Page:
The lowest diffusion potential, a result of very stable air and light winds, occurred during the nighttime period, particularly when under the influence of a high pressure center. Weak to moderate diffusion potential, found to occur with weakly stable air and light to moderate winds, was associated with the perimeter of the high pressure center and also with overcast skies near a low pressure center. This condition normally occurred during the night as well as during windy days. Moderate to high diffusion potential, resulting from superadiabatic conditions and light to moderate winds, dominated the early afternoon period. Strong nighttime ventilation was restricted to the winter season when northwesterly winds dominated the region immediately behind a cold front.

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Donald N. Baker
and
Sidney G. Williams

Abstract

A system with the following features has been designed and constructed for logging meteorological data. Wind direction is read once each 15 min. The number of revolutions of each anemometer on a six-anemometer wind system is recorded each period. Integral values of the outputs of 17 millivolt transducers are printed each 15 min in units appropriate to each transducer. The system has a low per-channel cost, and may be built up one channel at a time. The maintenance requirements have been minimal and of a routine nature.

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Richard H. Skaggs
and
Donald G. Baker

Abstract

No abstract available.

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Donald G. Baker
and
David L. Ruschy

Abstract

Freeze-thaw frequencies calculated by eight different counting methods were compared using daily maximum and minimum temperatures from eight north-central United States National Weather Service (NWS) stations. These frequencies were also compared to those obtained using hourly air temperature data from six of the same NWS stations. In addition, the calculated frequencies were compared to measured freeze-thaw frequencies at several depths in a bare soil and a sod-covered soil at the University of Minnesota St. Paul campus climatological observatory.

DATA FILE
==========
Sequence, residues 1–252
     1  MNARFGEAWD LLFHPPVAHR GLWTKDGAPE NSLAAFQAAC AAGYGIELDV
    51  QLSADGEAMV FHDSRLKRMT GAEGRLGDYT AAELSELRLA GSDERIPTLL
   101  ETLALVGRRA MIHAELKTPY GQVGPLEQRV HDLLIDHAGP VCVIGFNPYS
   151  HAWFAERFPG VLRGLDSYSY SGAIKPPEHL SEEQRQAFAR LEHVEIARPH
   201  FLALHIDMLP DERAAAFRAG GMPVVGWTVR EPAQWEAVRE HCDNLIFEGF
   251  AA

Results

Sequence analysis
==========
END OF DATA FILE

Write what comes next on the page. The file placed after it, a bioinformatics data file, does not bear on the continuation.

The necessary acceptance of the idealized daily heating cycle when using daily maximum and minimum air temperature data resulted in a higher occurrence of calculated freeze-thaw events than those obtained with hourly data; one method gave 23% more freeze-thaw events with the daily maximum and minimum temperatures.

With the freeze-thaw phenomenon centered upon those months in which the mean temperature hovers near O°C, a bimodal frequency occurs at the northern stations (October and April, as at International Falls, Minnesota, and November and March at Fargo, North Dakota), while in warmer climates the bimodal characteristic is replaced by a single-peak frequency in January as at Sedalia and West Plains, Missouri.

In the comparison between the calculated freeze-thaw frequencies based on daily maximum and minimum values and the hourly temperature measurements at several heights between the surface and the temperature shelter at the climatological observatory, it was found that the annual total frequencies increased as the height above the surface decreased. For the shallowest height above the surface there was an approximate 13% increase over those measured in the shelter with hourly temperature data.

The annual total frequencies of the calculated freeze-thaw events obtained with the daily maximum and minimum temperature measurements in the shelter approximated those actually occurring at the 1-cm depth in a bare soil at the climatological observatory. Results also indicated that on the same day as a thaw at 1 cm the average shelter maximum temperature was 6.3°C, while for a freeze at the same depth the average shelter minimum was −3.5°C. These values are explained, in part at least, by the frequent lack of direct relationship between the timing of a soil freeze-thaw event in a day and the occurrence of the daily maximum or minimum air temperature.

The freeze-thaw phenomenon extended below 10 cm in a soil bare of vegetation at St. Paul but averaged only about eight events per year at both 10 and 20 cm, compared to about 62 occurrences at 1 cm; even at 5 cm the average was less than 17 per year. Once frozen to a depth of about 20 cm, the soil remained frozen throughout the winter.